MUMBAI: The major film studios collectively diverted 40.2 million pounds, or 63 percent, of their studio sets and other solid waste from landfills last year in their ongoing efforts to combat climate change and reduce their ecological footprint, according to the Solid Waste Task Force, a joint program of the Motion Picture Association of America (MPAA) and the Alliance of Motion Picture and Television Producers (AMPTP).
As a result, the studios prevented the emission of 33,797 metric tons of greenhouse gases. That’s equivalent to removing 7,315 cars from the road annually. In addition to their commitment to reusing and recycling, the studios are also generating nearly two million kilowatt-hours of clean energy through solar arrays. That’s enough electricity to power 233 households a year in California. More solar projects are on the way this year.
“The major film studios have much to celebrate this Earth Day. Our member companies continue to make environmental responsibility a top priority, and their eco-friendly initiatives provide a positive example of sustainability and responsible business practices,” said MPAA chairman and CEO Dan Glickman.
As a part of this initiative Walt Disney Studios is launching its first new label in more than 60 years. Disneynature will entertain and inform moviegoers about the wonders of our planet and encourage them to learn more about what they can do to conserve nature. Its first film, Earth opened on 22 April, 2009.
Fox Entertainment Group has launched the FOX Green Guide, a web-based tool designed to enable producers and crew members to efficiently find environmentally conscious guidance, as well as information on vendors who provide lowcarbon and eco-friendly products and services.
NBC Universal has committed to two green weeks a year as part of its ongoing environmental initiative “Green is Universal.” On 19 April, the company launched its second annual Earth Week, with more than 150 hours of green-themed content across all NBC Universal platforms and green volunteer events in more than 10 cities. The company also continues to green its operations with Nightly News with Brian Williams, Saturday Night Live and Late Night with Jimmy Fallon all recently adopting greener production practices.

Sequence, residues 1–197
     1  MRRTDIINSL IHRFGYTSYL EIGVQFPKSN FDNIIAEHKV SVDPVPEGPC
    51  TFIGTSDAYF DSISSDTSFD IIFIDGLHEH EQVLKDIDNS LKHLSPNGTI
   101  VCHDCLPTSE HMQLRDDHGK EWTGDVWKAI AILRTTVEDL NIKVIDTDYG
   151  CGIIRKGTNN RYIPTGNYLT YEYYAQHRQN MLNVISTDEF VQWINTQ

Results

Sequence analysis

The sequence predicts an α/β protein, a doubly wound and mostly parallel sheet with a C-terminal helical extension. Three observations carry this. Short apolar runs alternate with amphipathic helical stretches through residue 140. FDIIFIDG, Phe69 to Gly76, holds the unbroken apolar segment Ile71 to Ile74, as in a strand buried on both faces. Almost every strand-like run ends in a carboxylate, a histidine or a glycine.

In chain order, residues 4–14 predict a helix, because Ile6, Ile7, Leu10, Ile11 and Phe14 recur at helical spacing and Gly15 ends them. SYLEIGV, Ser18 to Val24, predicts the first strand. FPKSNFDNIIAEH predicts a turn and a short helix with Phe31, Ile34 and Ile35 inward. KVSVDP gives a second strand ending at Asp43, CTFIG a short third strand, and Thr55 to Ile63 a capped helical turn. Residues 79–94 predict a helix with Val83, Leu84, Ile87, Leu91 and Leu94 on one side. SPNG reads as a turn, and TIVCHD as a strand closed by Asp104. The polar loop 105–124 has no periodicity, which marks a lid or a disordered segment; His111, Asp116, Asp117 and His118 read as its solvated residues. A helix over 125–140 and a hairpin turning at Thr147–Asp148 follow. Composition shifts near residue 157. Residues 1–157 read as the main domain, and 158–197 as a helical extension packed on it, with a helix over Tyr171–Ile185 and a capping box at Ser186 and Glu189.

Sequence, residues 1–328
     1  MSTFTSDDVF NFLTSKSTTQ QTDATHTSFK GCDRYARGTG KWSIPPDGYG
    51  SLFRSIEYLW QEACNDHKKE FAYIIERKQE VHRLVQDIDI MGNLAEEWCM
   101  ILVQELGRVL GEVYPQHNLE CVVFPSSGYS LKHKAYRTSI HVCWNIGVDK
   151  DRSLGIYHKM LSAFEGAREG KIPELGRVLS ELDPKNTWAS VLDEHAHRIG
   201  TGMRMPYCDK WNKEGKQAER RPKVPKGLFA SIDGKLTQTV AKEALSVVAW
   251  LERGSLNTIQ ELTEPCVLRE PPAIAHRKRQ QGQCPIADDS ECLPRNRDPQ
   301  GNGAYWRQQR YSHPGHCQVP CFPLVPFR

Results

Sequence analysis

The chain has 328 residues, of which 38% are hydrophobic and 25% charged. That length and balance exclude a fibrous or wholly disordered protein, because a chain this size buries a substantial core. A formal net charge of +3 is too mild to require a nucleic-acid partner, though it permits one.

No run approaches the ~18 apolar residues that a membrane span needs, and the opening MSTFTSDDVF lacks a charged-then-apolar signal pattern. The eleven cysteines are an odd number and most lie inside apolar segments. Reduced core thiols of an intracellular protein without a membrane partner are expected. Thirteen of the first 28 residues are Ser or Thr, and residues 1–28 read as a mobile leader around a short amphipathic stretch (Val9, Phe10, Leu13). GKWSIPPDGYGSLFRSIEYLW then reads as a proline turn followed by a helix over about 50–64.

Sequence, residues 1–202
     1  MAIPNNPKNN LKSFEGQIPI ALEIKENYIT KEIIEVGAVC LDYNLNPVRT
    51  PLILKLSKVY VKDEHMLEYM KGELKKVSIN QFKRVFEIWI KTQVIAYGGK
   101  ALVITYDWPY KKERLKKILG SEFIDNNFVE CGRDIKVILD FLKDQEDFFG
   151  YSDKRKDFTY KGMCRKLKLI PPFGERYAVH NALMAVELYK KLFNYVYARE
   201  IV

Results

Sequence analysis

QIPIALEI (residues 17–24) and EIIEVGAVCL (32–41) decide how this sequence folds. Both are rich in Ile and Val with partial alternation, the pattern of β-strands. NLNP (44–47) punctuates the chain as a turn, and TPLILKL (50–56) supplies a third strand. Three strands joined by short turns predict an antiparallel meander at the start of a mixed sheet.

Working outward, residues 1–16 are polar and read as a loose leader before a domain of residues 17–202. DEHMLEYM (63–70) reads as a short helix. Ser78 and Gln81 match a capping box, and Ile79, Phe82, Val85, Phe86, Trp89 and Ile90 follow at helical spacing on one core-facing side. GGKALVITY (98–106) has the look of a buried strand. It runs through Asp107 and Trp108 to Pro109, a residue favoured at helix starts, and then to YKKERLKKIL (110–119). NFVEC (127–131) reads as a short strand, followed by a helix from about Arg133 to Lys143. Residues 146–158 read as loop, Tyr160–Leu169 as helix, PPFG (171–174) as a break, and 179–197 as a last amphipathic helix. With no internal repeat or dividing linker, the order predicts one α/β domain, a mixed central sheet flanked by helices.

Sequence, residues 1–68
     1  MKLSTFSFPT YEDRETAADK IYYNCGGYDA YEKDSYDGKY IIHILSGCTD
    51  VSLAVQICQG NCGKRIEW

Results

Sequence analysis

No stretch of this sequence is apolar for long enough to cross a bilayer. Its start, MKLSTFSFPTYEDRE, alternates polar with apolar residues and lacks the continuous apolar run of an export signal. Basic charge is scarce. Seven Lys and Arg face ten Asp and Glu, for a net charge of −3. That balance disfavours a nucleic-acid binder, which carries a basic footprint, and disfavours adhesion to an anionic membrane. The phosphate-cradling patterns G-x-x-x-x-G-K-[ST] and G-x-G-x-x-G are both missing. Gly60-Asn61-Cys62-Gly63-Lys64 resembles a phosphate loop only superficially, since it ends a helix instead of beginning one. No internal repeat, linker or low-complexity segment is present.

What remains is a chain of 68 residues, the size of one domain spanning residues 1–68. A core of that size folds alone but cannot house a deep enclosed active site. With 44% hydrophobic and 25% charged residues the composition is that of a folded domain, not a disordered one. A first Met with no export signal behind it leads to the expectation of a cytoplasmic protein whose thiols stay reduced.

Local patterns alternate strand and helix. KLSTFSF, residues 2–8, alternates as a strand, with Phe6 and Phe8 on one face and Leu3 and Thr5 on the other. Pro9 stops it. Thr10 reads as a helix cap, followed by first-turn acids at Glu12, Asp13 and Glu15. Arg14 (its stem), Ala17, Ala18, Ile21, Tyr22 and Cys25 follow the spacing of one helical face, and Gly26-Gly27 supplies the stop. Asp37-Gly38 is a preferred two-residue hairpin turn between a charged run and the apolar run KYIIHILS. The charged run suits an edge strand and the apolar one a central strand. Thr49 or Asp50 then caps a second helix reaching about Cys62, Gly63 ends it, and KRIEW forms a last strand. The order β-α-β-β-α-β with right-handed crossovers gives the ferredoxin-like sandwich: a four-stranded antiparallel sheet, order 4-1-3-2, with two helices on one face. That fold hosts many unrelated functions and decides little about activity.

Paramount recently established the “Green Room,” where productions can donate and take unused office supplies, reducing waste and cost. Additionally, digital distribution systems for production paperwork and dailies are being implemented to save paper, DVDs, packaging materials and shipping.
In the area of film production and distribution, Sony Pictures has begun using an ultra-light DVD case that uses about 20 percent less plastic than standard weight DVD cases. This will result in an estimated two million pound reduction in carbon emissions annually. The studio is reducing resources required in film production by increasing digital movie-making and increasing the digital distribution of films, which reduces the need for transportation and disposal of mass quantities of film stock. Sony Pictures is constructing a new office building at its Culver City headquarters according to LEED guidelines, the recognized standard for measuring building sustainability, established by the U.S. Green Building Council.
Warner Bros. constructed a new, “green” sound stage for film and television production, following the US Green Building Council’s LEED guidelines. Completed in early 2009, Stage 23 – the 35th sound stage at Warner Bros.’ Burbank facilities – incorporates sustainable elements such as energy efficient lighting, Ice Bear cooling technology that uses off-peak electricity for daytime cooling and local and environmentally preferable construction materials.